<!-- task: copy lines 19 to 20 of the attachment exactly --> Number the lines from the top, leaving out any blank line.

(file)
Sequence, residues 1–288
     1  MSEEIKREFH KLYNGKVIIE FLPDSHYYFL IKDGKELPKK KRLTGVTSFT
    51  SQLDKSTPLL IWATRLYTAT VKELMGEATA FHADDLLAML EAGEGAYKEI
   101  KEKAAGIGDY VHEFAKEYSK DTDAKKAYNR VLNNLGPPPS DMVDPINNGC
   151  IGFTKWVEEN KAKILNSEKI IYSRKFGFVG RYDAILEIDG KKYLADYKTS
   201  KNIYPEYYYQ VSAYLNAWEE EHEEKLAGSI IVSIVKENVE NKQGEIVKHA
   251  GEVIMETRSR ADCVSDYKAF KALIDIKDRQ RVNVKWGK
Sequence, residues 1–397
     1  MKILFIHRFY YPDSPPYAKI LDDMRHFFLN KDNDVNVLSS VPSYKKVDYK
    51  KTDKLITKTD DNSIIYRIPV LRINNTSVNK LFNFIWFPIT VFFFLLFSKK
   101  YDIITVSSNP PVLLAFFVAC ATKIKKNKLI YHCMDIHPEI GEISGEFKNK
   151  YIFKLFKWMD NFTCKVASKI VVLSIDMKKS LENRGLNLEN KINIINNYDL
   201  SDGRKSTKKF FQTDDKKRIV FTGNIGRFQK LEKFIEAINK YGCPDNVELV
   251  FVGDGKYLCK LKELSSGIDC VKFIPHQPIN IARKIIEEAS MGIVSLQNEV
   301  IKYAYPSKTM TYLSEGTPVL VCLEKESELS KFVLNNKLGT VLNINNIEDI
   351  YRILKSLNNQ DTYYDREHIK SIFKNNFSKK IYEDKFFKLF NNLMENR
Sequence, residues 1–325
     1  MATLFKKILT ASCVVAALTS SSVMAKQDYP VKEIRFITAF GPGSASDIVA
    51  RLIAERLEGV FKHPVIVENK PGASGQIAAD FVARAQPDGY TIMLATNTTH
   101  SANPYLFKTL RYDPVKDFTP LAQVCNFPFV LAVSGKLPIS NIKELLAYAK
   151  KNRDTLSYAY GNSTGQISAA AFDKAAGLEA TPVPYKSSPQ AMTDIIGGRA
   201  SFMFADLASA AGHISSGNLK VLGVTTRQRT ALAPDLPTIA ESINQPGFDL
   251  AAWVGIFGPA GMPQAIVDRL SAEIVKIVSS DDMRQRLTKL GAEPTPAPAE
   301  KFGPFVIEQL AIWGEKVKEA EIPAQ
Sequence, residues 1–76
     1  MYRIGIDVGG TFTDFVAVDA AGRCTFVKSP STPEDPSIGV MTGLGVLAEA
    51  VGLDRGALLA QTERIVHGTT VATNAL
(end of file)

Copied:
    51  RLIAERLEGV FKHPVIVENK PGASGQIAAD FVARAQPDGY TIMLATNTTH
   101  SANPYLFKTL RYDPVKDFTP LAQVCNFPFV LAVSGKLPIS NIKELLAYAK